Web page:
Amazon’s Echo Dot is the most cost-effective way to add voice-activated control to your smart home. There’s an Alexa skill for just about every smart-home platform, DIY or custom installed, and second-generation Echo Dot’s cost just $50 each. I have six deployed in my own house, connected to a Vivint Smart Home system. The one drawback: They suck as speakers. The Vaux speaker dock changes that and delivers a bonus: A rechargeable battery that lets you take Alexa all over your house—and out onto the porch, too.
The Vaux costs $50, so it and an Echo Dot still cost less than Amazon’s own portable Alexa solution, the Amazon Tap. The Vaux’s speaker not only sounds better than the Tap, it doesn’t force you to press a button to get Alexa’s attention like the Tap does. The Vaux is equipped with a 5000mAh Lithium-ion battery that the company says can power the combo for about six hours depending on how much you interact with Alexa and how loud you play the speaker. The Tap retains one advantage: A charging dock. Repeatedly plugging and unplugging the micro-USB cable into the Vaux could lead to problems down the road if you don’t do it carefully (treat it like your smartphone and you should be fine).
The dock looks very much like a Sonos Play:1 speaker with its top hollowed out to make room for the Dot. Stub cables with right-angle micro-USB and 3.5mm aux connectors are hidden behind a silicone flap on the back of the speaker. You simply drop the Dot in the cavity at the top, with its inputs facing that flap in back, plug in the two cables and the Dot’s power cable into the Vaux (which doesn’t come with its own AC adapter or USB cable), and you’re ready to go. The Dot will operate while the Vaux’s battery is charging, or you can push a button to turn both devices off for faster charging. A 3.5mm aux input on the back of the Vaux is provided for making hardwired connections to your smartphone, tablet, or digital audio player.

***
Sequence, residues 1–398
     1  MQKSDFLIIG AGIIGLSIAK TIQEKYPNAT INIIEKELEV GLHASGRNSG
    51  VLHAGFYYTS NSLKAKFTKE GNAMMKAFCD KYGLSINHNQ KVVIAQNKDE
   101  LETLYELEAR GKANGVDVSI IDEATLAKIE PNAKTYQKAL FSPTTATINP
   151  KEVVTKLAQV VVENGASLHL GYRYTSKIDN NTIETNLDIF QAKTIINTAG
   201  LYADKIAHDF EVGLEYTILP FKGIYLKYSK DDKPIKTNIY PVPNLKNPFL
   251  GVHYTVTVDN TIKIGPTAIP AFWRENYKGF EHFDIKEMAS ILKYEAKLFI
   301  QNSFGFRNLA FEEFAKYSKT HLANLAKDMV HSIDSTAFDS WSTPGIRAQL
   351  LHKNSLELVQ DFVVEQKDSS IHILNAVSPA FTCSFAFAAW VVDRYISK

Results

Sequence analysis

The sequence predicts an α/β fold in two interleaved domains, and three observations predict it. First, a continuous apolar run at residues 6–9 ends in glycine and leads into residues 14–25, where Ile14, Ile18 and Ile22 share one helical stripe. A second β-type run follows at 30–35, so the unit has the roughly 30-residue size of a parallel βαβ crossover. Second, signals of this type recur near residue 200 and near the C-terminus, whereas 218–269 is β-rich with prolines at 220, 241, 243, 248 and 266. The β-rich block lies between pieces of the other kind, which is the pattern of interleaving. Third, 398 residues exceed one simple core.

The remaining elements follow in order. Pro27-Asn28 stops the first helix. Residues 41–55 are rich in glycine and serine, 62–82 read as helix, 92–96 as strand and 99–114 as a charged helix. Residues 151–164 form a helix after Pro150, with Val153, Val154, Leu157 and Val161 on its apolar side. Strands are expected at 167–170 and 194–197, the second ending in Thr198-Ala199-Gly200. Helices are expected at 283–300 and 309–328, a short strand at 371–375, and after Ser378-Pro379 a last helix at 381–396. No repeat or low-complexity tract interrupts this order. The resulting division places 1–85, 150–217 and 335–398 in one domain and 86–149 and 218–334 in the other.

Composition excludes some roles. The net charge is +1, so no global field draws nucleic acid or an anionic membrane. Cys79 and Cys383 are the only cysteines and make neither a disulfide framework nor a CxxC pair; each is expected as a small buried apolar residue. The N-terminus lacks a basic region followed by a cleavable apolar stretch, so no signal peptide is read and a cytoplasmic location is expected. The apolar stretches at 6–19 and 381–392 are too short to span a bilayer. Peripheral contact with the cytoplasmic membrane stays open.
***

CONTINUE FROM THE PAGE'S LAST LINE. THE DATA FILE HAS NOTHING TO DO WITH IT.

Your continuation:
I won’t say that the Vaux sounds great, but its dual active 52mm drivers and a 90mm x50mm passive radiator are vastly superior to the Dot’s built-in speaker. Listening to Bruce Cockburn’s “Mango,” from his album Breakfast in New Orleans, Dinner in Timbuktu, I was impressed with the Vaux’s ability to produce mid-range and high frequencies that were cleaner than what the full-sized Echo (or the Google Home, for that matter) deliver. Cockburn’s guitar work came across crisp and well defined. But the Vaux lacks the beefy low-end that I crave in speakers of all sizes.
On that score, the speakers in the full-sized Echo and the Google Home performed much better. Neither the Vaux nor any of the smart speakers I’ve mentioned will fill even a modestly sized room with quality sound. But it’s easy enough to pair any Echo with a higher-quality Bluetooth speaker for those times when you want to pump up the volume, and you can still do that with an Echo Dot docked to a Vaux.